Also take your flocks and your herds, as you have said, and be gone; and bless me also.
It has come then to this, that Pharaoh is glad to beg a blessing from the man whom at first he had so contemptuously spurned. "And bless me also."
I. THE WICKED MAN IS OFTEN MADE PAINFULLY AWARE OF THE MISERABLENESS OF HIS OWN PORTION, AS COMPARED WITH THAT OF THE GODLY. He may be, often is, even when he refuses to acknowledge it, secretly conscious of the superior happiness of the good man. There come times, however, when severe affliction, the sense of a gnawing inward dissatisfaction, or special contact of some kind with a man of genuine piety, extorts the confession from him. He owns that the good man has a standing in the Divine favour; enjoys an invisible Divine protection; and is the possessor of a peace, happiness, and inward support, to which his own wretched life is utterly a stranger.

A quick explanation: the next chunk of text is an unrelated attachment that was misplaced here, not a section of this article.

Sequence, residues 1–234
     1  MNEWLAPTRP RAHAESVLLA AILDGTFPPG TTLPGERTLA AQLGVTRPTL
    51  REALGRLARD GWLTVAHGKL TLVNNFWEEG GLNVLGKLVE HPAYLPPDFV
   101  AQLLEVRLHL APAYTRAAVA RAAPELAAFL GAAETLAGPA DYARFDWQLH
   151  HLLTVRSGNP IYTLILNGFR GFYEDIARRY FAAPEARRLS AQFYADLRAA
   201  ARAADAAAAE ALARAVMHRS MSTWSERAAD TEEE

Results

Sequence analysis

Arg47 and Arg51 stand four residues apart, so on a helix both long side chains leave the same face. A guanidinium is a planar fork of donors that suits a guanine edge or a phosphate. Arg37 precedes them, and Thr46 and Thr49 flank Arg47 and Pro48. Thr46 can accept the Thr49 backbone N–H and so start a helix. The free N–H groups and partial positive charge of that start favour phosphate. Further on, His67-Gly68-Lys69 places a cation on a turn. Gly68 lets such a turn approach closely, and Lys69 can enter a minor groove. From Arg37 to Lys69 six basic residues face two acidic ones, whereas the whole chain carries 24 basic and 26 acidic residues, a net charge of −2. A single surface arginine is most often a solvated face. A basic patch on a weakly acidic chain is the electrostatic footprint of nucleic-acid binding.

II. THE WICKED MAN HAS SOMETIMES DESIRES AFTER A SNARE IN THE GOOD OF GOD'S PEOPLE. He envies them. He feels in his heart that he is wretched and miserable beside them, and that it would be happiness to be like them. He says with Balaam, "Let me die the death of the righteous, and: let my last end be like his" (Numbers 23:10).
III. THE WICKED MAN, IN HIS TIME OF TROUBLE, WILL OFTEN HUMBLE HIMSELF TO BEG THE PRAYERS OF THE GODLY. And this, though but a little before, he has been persecuting them. He feels that the good man has power with God.
IV. THESE FEELINGS OF THE WICKED MAN ARE USUALLY TRANSIENT. - J.O.
Parallel VersesKJV: Also take your flocks and your herds, as ye have said, and be gone; and bless me also.